Spiral Director Explains How Jigsaw Almost Returned

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The Saw franchise has officially become a billion-dollar property after Darren Lynn Bousman’s Spiral repeated at the top of the domestic box office last weekend. The filmmaker is no stranger to the series having directed the second, third and fourth outings, and while reviews haven’t been unanimously positive, a tenth installment in the main saga and a TV series are both in active development to ensure the brand keeps churning out new content.

Bousman didn’t want to invite too many comparisons to Saw or Tobin Bell’s Jigsaw when it came to putting Chris Rock hot on the tail of a copycat killer, to the extent that he publicly tried to dissuade people from referring to Spiral as ‘torture porn,’ despite the fact that the very first scene of the movie ticks most of those boxes given its gruesome and grisly nature.

The filmmaker also explained why he didn’t include Billy the Puppet, either, and it’s all to do with trying to let Spiral stand on its own two feet and exist within the Saw mythology while still operating independently of it. That being said, Bousman did reveal in a new interview that he’d toyed with the idea of having Bell make a cameo appearance right up until the final day of shooting.

“We were talking about putting Tobin in up until the last day of filming. There was a constant struggle with us and I think we all went back and forth on it. It was a hard thing because the minute you put Tobin Bell in the movie, it becomes Saw 9. If you think about Jigsaw or some of these other films, he had like two minutes of screen time and that was it.

I killed him in Saw III, I killed him 16 years ago, so to keep finding clever ways to bring him back in, I didn’t want to do a disservice to this film. No one can compete with Tobin Bell, you can’t, he is Jigsaw and there’s no way to live up to what he brings onscreen, so I didn’t want to f*ck with it, I didn’t want to do it. It was, I felt, a disservice to this film and previous films to try to do that.”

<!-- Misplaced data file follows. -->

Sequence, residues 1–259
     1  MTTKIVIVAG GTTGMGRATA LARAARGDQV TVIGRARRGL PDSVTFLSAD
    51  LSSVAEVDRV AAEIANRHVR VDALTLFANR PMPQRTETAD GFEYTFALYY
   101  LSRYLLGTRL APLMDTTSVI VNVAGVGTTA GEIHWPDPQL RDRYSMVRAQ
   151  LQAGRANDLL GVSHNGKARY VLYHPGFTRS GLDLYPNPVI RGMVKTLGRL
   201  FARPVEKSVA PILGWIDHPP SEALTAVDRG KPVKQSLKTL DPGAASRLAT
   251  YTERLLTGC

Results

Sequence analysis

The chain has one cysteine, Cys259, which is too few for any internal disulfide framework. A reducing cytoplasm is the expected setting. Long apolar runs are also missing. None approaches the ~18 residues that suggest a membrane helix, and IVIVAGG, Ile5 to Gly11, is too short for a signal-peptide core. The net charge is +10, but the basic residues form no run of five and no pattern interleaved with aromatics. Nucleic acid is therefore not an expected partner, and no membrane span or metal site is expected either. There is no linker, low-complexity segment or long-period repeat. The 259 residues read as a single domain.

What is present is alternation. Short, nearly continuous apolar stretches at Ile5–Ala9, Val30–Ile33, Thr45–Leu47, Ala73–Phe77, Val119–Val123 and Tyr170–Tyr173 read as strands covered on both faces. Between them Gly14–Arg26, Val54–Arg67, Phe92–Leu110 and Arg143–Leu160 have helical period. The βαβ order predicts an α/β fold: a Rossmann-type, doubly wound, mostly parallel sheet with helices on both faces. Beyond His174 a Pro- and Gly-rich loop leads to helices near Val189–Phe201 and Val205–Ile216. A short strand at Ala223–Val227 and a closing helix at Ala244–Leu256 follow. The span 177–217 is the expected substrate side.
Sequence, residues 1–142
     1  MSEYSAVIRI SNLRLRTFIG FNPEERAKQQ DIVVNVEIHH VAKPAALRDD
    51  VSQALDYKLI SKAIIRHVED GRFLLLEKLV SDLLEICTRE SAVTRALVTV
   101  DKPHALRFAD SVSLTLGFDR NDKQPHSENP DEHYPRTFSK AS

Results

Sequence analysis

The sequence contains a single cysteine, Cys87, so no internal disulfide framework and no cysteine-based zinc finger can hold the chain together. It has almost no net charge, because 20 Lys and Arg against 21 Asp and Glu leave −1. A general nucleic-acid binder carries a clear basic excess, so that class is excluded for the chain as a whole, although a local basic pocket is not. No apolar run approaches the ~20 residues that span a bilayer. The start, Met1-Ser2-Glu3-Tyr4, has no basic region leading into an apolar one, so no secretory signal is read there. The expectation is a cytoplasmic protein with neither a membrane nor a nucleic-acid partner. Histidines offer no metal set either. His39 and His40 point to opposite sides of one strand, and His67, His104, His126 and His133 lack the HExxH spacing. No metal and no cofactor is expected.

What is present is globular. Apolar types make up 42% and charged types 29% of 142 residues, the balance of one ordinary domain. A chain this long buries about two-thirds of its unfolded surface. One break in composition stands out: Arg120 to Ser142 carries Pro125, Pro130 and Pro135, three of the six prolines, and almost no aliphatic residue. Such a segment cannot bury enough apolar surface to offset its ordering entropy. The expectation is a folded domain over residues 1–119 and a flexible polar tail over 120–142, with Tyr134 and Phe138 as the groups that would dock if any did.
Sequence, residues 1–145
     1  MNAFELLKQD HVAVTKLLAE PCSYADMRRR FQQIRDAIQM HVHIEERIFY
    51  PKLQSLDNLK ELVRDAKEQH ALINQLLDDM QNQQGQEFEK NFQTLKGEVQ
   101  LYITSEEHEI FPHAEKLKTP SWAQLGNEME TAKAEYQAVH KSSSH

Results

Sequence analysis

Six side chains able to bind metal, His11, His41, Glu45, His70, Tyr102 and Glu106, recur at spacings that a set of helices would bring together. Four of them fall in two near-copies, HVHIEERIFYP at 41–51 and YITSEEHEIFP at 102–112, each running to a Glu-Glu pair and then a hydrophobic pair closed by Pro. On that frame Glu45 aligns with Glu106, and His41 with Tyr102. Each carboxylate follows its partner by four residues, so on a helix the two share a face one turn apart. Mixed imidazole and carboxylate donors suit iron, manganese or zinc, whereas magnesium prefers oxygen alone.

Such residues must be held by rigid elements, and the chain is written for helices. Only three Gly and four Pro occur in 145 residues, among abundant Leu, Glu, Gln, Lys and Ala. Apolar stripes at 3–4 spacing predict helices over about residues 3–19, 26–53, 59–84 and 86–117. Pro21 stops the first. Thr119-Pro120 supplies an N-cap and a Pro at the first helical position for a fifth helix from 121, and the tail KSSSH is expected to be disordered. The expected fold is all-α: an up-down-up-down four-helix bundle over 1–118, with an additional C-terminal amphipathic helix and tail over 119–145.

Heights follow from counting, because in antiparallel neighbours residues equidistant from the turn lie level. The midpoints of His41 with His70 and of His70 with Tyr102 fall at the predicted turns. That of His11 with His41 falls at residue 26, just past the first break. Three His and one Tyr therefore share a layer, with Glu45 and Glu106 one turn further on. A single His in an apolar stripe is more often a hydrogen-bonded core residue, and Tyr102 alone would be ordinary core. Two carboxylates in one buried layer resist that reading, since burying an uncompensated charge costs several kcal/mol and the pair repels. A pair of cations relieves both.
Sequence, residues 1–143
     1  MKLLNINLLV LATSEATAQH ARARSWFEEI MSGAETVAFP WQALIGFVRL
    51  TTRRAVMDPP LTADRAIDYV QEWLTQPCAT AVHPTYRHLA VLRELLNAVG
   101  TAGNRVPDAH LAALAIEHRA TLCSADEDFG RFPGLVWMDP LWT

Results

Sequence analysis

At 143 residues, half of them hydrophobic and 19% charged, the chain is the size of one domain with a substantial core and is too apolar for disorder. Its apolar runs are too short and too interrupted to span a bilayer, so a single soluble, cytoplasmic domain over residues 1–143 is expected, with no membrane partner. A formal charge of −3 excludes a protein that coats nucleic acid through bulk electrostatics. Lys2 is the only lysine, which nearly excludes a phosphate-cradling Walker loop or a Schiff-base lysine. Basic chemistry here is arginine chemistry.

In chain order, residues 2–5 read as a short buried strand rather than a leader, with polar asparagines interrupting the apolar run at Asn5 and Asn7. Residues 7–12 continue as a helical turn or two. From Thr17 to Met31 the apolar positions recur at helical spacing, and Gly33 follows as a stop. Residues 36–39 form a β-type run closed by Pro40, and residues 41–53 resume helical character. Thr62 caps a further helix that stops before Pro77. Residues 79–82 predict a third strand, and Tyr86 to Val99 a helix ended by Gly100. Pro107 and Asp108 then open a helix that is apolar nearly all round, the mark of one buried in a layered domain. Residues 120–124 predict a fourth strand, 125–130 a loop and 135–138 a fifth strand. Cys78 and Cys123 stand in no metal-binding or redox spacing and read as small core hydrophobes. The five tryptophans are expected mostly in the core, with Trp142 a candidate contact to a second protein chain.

I did have a really cool idea that I was really bummed didn’t go through and it was a way to put the feeling of Tobin Bell in the film. Tobin Bell is a singer and he’s got a great voice. I found a song of his that he recorded, which was a Johnny Cash cover, and it was this amazing, very haunting song. I had an idea that, the end of the movie, the finale and the big gunfight, was all overdubbed to that song. So basically all the sound goes away and it becomes Tobin’s voice in it. But, again, it felt gimmicky when we tried it. It sounded awesome, I loved it, but it was too wink-wink, nudge-nudge to the audience, so we ended up losing it. It was a struggle.”

It was probably the right decision in the end, when the film already had to strike the difficult balance between delivering a fresh spin on a formula that ran out of steam a long time ago, while also trying to reinvigorate a franchise without using its two most recognizable icons. Spiral is a success by any measurable metrics, though, and the Saw universe looks to be entering a brave new era.